by Lauren Busser The House Designers’ Contributing Writer
As winter approaches you've gotten your sweaters out of storage and found your mittens and boots, but your house needs its own 'winter coat' as well. How to best get your home prepared for the colder months ahead? Things like leaky windows and a furnace in need of maintenance can cost you money and may be hazardous to your home. Here are some tips to help you keep more money in your pocket and your home cozy and warm.As winter approaches you've gotten your sweaters out of storage and found your mittens and boots, but your house needs its own 'winter coat' as well. How to best get your home prepared for the colder months ahead? Things like leaky windows and a furnace in need of maintenance can cost you money and may be hazardous to your home. Here are some tips to help you keep more money in your pocket and your home cozy and warm.
Clean Your Gutters
After all the leaves have fallen, make sure to clean out the gutters so that rain and melting snow and ice can drain. Clogged gutters can help form ice dams where water backs up, freezes, and causes water to seep into the house. After removing the leaves from the gutters, hose them out and look for leaks and misaligned pipes. While you are doing this check the downspouts to make sure they are carrying water at least 10' away from your home’s foundation.
Repair Air Leaks
The average American home has enough leaks to add up to a nine foot hole in a wall. All of this wasted energy seeping out of those leaks can make up about 10 percent of your heating bill. To find leaks, pick a breezy day and walk around inside your house holding a lit incense stick near the most common drafty areas (windows and doors), being careful around flammable items.
You should caulk leaks where necessary but you can also use door sweeps to plug leaks under the doors. Foam gaskets can easily be installed around electrical outlets that share the home’s outer walls, where cold air can seep through. Outside you should use weather-resistant caulk or masonry sealer, which will stand up to freezing and thawing.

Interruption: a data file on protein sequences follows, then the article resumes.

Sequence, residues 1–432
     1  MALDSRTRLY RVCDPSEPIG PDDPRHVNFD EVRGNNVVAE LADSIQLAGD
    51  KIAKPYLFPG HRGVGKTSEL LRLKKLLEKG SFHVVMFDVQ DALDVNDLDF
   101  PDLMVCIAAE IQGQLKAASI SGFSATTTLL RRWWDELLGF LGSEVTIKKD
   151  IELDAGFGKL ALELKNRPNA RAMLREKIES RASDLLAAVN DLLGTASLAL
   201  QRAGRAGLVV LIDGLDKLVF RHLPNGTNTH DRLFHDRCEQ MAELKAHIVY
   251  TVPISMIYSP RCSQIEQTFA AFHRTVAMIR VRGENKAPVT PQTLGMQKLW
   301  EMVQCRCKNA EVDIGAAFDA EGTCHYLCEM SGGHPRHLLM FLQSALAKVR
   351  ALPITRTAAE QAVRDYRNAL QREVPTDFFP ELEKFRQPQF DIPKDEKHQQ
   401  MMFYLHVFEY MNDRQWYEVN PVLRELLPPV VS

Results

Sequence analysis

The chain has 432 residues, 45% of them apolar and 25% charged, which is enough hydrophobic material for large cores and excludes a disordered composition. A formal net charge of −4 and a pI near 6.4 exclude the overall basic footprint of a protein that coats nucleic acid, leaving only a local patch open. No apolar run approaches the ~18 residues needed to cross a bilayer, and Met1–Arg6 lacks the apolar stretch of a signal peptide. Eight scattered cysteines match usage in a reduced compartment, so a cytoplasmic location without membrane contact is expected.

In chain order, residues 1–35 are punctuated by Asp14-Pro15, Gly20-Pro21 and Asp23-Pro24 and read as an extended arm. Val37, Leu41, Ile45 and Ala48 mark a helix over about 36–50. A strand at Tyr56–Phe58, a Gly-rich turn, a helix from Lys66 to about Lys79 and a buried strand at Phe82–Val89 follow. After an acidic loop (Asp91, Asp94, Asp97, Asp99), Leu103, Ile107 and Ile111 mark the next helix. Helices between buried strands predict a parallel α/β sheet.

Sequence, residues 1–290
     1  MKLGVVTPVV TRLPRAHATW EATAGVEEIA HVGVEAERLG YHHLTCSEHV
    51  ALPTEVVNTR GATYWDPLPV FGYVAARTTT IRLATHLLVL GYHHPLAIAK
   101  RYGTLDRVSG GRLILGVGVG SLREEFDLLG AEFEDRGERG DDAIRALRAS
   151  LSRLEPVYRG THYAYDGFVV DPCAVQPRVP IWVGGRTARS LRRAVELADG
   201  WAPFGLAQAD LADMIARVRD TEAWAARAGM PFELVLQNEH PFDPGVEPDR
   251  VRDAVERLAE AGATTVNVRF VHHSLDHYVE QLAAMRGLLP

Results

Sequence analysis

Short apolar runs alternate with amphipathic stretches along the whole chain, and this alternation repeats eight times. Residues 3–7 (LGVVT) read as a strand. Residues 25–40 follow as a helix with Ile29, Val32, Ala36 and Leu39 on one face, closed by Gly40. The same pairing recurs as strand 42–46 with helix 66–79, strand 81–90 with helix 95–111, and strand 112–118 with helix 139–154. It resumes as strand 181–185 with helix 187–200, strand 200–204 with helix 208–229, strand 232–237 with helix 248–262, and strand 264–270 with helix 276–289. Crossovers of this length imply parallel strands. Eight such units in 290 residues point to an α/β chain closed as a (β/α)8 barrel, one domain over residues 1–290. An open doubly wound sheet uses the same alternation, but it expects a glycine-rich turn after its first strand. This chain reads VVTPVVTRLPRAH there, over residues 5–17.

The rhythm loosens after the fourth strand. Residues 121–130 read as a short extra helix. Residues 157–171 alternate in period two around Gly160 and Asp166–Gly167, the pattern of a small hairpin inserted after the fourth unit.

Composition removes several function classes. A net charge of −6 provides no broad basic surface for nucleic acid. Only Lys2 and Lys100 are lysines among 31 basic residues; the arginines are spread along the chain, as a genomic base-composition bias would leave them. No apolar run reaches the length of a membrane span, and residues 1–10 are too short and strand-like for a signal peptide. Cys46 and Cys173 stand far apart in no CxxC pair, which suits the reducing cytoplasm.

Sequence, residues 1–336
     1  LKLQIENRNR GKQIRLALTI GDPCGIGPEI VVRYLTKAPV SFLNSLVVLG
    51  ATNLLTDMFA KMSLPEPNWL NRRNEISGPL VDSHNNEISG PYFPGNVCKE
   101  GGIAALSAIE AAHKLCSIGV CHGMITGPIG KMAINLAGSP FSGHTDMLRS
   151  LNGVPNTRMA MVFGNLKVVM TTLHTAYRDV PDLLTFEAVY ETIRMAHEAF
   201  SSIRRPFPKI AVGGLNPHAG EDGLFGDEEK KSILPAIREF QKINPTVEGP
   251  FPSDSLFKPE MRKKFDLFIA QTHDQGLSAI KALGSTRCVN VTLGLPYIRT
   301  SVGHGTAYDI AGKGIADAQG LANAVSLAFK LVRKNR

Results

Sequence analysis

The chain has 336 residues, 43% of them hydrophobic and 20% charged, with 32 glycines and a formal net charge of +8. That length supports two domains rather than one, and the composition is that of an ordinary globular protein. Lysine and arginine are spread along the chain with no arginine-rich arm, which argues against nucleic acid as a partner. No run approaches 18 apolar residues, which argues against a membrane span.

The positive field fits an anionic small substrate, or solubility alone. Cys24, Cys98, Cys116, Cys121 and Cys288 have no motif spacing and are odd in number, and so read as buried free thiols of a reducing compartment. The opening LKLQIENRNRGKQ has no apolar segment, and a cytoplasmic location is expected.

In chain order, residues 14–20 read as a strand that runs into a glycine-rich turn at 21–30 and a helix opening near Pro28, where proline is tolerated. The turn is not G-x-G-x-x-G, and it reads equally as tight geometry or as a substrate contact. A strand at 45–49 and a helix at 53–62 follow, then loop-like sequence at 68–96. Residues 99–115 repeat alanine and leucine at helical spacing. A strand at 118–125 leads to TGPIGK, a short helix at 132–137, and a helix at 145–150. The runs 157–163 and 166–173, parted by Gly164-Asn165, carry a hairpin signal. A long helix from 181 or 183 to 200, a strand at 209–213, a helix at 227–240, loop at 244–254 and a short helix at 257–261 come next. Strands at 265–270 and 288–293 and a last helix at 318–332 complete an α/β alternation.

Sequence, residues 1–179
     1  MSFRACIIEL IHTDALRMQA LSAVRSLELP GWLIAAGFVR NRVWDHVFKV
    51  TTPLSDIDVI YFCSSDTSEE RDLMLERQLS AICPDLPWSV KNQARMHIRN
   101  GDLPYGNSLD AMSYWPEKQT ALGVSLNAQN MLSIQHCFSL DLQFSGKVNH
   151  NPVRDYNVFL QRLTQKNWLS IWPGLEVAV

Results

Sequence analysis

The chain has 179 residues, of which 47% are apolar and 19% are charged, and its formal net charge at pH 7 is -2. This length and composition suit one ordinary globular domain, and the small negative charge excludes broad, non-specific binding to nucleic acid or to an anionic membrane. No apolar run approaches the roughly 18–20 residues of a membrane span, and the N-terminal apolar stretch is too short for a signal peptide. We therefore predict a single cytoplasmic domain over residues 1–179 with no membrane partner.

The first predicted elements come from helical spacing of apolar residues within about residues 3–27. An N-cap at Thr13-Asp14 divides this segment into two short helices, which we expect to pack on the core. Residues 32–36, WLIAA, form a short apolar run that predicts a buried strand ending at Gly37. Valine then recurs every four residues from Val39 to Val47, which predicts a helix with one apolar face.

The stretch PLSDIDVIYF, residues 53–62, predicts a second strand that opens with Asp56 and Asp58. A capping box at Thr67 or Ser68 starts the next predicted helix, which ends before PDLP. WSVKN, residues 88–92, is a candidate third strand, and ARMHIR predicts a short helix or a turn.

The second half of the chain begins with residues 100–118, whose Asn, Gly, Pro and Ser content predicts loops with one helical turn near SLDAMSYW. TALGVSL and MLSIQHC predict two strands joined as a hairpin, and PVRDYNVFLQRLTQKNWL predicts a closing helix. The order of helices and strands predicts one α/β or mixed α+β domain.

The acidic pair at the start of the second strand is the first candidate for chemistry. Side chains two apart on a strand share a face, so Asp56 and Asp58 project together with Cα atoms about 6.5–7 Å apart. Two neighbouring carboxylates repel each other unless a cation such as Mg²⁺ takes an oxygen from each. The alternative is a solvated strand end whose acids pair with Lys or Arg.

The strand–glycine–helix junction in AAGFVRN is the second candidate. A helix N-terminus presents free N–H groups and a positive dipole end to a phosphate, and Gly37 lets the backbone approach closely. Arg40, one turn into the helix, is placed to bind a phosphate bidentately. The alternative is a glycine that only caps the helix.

Make Sure You Have Enough Insulation
One way to save money and energy in the winter is to add insulation to your attic. It's not particularly expensive and you'll get your investment back quickly. Regardless of where you live in the United States you should have at least twelve inches of insulation in the attic. A general rule of thumb is that if you can see the ceiling joists you don’t have enough insulation (The average ceiling joist is between 10 and 11 inches).
Give Your Furnace a Check Up
Turn your furnace on to make sure it is working before the coldest weather descends. You might notice a short-lived odor the first time you turn the furnace on, but simply opening a window should dissipate it. However if the smell persists, shut down the furnace and call your technician.
You should have your furnace cleaned and tuned annually and change the furnace air filters regularly throughout the winter. A dirty filter will impede the air flow and efficiency, and in really extreme cases could result in a fire. It is also a good idea to check and vacuum your ductwork every few years.
Install Your Storm Windows
Now is the time to take down the window screens and put up the storm windows. Storm windows provide an extra layer of protection and are particularly helpful if you have older single-pane glass windows. If you don’t have storm windows yet and your windows are leaky or drafty you need to upgrade your windows.
Now, we know that windows are pricey. If you are replacing all the windows in an older house, you can budget to replace them a couple at a time and in the meantime use an insulator kit. Insulator kits are a temporary substitute for storm windows, and while not terribly attractive they will get the job done in a pinch.
Time to Inspect the Chimney
Spring is the ideal time to think about your chimney. Your chimney doesn’t need to be swept every year but it should be inspected. Any sweep will have lots of stories about all the strange things found in chimneys. It's worth having a look now and again.
When you get your chimney inspected, ask for a Level 1 inspection, which examines all readily accessible portions of your chimney. Certified chimney sweeps usually include a Level 1 service with a sweep.
Your woodstove on the other hand should be swept more than once a year. When it comes to woodstoves cleaning should be performed for every quarter inch of creosote buildup max, to avoid fire hazard.
One of the best preventive measures you can take for your chimney is to buy a protective cap. A chimney cap will keep out foreign objects from birds to tennis balls, as well as rain. Try to buy a cap based on durability instead of appearance.
Check Your Alarms
Now is a great time to install fresh batteries in smoke and CO detectors. Test your smoke, carbon monoxide, and security systems to make sure that they are functioning properly. Also make sure that your fire extinguisher is still pressurized and within its inspection date and that your family is familiar with the fire escape plan.
Winter can be a cold and uncomfortable time of year but with these simple steps it doesn’t have to be. Take the time to do these things now and you and your family will stay toasty, warm and safe all season long.